Release 0.3.1 Changes

Changed user interface
Editors now face a slightly different user interface. Users who haven't logged in do not see the standard editing commands.
Compilation on the fly
Pages are now compiled on the fly, that is, if (for whatever reason) the source of a page is present, but the compiled output is not, the page is compiled and displayed, the result being cached. In former releases, a page wouldn't show up at all if the compiled version was not available, resulting in many time consuming sychronizations to make sure that this is not the case after administrators had upgraded to a new software release or imported files from whatever source. After pages, i. e. sources, are created or modified, pages are still compiled and saved as source code as well as compiled versions.
HTML-support for locale files
Locales may now contain arbitrary HTML-entities (&xxx;) so that the character encoding for the locale file (the file holding the localized text messages) could theoretically remain plain ASCII.
Non-breaking space
The sequences [_] and [ ] evoke a non-breaking space.
Directory hashing
Customized directory hashing takes place by the means of a (pretty fast) user-space hash function. This allows Pie to handle thousands of files without the underlying operating system to suffer from a loss of performance.
Customized file name encoding
File names are now encoded, with special characters (anything but [0-9A-Za-z_]) being escaped. This allows for any character to be used in the names of pages and files. See configuration option nameencode.
Optional vertical bar to indicate alternate link texts
Since page names may now contain spaces (and other characters specified in pagepattern), a different character to mark the beginning of alternate text in links is required. The vertical bar (|) serves this purpose.
Page groups
Pages (and files) can now be grouped as Wiki groups. Note that this requires a different addressing scheme for local resources.
Introduction of editing commands
The page compiler now supports a number of commands that trigger special behaviour depending on the context the command appears in. In fact, many ordinary features, such as page links, are now special cases of commands.
Anchors via commands
The usage of inner-page anchors has changed once more: They are now called upon via the anchor: command.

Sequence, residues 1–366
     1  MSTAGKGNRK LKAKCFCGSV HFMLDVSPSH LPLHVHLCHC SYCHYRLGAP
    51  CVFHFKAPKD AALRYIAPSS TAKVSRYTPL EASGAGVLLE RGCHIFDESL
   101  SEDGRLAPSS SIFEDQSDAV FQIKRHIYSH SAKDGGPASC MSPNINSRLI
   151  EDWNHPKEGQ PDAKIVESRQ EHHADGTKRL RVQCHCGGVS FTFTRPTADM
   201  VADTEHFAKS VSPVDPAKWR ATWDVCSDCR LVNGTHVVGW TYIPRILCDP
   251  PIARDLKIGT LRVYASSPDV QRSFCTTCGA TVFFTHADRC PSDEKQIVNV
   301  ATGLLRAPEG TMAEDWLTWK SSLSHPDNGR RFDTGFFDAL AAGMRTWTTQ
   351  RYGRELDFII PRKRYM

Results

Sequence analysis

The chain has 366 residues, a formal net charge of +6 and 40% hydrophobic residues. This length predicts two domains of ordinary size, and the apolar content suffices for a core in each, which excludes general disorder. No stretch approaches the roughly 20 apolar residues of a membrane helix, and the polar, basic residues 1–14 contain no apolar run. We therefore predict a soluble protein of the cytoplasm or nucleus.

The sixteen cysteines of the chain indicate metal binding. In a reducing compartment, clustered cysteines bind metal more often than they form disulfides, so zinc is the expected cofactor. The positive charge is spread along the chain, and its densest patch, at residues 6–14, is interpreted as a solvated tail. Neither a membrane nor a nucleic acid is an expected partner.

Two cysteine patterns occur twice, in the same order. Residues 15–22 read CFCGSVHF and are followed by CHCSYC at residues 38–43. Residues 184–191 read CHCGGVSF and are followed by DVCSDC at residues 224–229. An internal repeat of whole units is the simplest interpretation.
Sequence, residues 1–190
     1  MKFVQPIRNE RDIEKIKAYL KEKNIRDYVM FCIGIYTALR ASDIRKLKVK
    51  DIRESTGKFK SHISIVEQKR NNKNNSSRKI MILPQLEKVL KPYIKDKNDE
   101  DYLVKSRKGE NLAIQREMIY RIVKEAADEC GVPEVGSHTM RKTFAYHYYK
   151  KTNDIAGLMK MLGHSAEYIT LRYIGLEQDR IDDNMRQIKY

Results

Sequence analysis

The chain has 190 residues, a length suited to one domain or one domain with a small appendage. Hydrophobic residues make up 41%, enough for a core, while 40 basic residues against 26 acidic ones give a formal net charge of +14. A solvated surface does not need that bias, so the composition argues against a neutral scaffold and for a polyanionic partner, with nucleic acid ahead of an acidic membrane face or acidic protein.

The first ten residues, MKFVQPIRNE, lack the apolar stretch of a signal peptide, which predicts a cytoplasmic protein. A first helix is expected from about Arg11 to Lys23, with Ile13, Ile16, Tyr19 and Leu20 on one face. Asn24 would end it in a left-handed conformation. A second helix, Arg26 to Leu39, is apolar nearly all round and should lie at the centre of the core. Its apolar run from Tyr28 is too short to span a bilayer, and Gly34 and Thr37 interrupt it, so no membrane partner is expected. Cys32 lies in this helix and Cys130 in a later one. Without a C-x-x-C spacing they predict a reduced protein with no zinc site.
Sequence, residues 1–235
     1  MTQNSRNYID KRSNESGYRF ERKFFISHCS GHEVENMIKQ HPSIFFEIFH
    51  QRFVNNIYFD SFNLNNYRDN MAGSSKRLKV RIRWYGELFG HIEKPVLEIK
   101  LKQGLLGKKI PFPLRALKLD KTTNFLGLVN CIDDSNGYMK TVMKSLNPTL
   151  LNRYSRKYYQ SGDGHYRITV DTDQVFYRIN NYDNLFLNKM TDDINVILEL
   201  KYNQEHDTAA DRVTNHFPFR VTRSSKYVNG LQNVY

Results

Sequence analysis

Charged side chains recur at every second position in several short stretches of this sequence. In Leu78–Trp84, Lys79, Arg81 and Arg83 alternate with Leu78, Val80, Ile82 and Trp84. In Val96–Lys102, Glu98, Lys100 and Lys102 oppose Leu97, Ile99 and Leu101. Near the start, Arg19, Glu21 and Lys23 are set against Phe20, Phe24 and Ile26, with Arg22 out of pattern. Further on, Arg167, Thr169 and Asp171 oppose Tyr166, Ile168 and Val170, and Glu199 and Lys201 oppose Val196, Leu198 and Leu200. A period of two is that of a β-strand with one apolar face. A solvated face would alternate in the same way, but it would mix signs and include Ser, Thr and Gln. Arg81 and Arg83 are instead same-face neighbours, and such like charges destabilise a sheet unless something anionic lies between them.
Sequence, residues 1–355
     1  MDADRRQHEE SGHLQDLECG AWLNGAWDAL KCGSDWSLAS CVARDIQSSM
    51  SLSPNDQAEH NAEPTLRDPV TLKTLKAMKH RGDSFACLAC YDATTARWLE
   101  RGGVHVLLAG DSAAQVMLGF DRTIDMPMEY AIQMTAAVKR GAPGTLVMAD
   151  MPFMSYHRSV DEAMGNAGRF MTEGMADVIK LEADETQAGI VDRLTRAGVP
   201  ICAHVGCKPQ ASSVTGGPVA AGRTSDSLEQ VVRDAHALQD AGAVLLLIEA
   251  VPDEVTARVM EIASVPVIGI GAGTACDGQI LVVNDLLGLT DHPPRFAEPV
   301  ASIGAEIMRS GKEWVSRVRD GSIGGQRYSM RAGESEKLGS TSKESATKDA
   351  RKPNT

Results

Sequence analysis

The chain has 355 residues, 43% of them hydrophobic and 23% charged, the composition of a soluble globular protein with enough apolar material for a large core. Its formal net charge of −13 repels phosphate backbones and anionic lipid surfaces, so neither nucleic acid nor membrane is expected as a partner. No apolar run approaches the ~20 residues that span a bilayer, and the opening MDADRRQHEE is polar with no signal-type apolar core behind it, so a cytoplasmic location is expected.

Configuration option imagepattern removed.
Images now require explicite evocation via [image:MyImage.ext] and are not recognized by their file names any more. In fact, without determined to be displayed, images are just ordinary files.
Double brackets
Double brackets are saved for links to documents, that is, links to local pages and URLs pointing to internet resources. E-mail addresses, images, media components and ordinary files are instantiated via special commands. Note that web URLs and e-mail addresses are still recognized within continuous text.
(Even more) customized link rendering
The customization of how links are rendered no longer takes places in the code of the library, but in the configuration. You don't have to rewrite the code any longer, but just adapt the switches in the global configuration. Refer to pagelink, filelink, et al.
Renaming resources
Pages and files may now be renamed with violated dependencies being displayed.
Manual classes for spans
Text spans and images can now be assigned a specific class to determine their appearance. Being CSS-classes, these classes have to be declared in the server's global CSS-file.
Support for bold, italic and underlined text
These terrible products of the modern world of typesetting can now be embedded into your documents. However, the preferred way is still not to use them, but to rely on emphasized and strongly emphasized text instead.
Lots of documentation
The online documentation as well as the comments in the code library have been extensively extended, or, in the latter case, brought into being for the first time.
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